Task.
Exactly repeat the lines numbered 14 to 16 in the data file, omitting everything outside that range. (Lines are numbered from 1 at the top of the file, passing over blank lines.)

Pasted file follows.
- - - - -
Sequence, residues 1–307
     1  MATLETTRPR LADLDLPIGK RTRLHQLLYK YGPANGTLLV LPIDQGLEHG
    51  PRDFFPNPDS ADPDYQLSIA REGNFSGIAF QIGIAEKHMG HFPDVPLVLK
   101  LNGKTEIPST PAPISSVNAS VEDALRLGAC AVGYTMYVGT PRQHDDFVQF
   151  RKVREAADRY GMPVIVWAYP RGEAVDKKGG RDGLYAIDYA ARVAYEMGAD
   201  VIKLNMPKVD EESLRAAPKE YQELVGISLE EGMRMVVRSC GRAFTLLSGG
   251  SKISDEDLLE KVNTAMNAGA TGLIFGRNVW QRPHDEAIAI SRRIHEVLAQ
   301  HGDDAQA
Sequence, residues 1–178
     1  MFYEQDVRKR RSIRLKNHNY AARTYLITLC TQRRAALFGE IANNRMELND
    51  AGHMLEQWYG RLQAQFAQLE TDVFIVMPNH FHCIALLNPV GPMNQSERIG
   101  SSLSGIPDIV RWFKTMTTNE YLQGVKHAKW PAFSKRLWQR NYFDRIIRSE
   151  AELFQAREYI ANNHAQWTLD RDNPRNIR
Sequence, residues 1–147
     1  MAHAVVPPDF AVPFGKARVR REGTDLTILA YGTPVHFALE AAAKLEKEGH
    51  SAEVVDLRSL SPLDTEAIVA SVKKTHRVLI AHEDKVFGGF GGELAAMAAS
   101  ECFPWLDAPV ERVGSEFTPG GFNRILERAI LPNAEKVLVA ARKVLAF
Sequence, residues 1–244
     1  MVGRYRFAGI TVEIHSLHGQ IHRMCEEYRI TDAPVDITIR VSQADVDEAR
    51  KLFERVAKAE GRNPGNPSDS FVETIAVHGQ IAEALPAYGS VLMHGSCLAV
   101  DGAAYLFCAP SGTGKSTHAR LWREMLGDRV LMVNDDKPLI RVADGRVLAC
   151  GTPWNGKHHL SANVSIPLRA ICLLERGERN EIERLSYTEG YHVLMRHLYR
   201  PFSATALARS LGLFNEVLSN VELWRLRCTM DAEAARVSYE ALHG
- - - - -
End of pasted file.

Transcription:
Sequence, residues 1–147
     1  MAHAVVPPDF AVPFGKARVR REGTDLTILA YGTPVHFALE AAAKLEKEGH
    51  SAEVVDLRSL SPLDTEAIVA SVKKTHRVLI AHEDKVFGGF GGELAAMAAS